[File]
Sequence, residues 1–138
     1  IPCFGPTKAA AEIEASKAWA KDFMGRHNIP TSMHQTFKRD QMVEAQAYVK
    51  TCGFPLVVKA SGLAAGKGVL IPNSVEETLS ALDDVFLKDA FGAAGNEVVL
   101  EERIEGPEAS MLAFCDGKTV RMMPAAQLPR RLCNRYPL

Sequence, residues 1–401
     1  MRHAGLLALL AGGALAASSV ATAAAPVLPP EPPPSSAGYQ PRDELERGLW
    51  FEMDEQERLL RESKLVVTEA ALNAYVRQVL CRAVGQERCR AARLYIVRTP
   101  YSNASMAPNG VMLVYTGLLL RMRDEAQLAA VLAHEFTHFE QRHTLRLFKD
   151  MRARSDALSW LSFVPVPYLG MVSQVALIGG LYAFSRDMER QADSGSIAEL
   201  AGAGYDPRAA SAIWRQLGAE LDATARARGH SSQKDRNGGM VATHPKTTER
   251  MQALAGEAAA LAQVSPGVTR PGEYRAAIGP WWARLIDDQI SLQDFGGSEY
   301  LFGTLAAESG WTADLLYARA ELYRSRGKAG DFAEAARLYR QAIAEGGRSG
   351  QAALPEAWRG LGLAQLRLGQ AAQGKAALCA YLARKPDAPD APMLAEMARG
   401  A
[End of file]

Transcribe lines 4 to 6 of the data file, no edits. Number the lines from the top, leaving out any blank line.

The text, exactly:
   101  EERIEGPEAS MLAFCDGKTV RMMPAAQLPR RLCNRYPL

Sequence, residues 1–401
     1  MRHAGLLALL AGGALAASSV ATAAAPVLPP EPPPSSAGYQ PRDELERGLW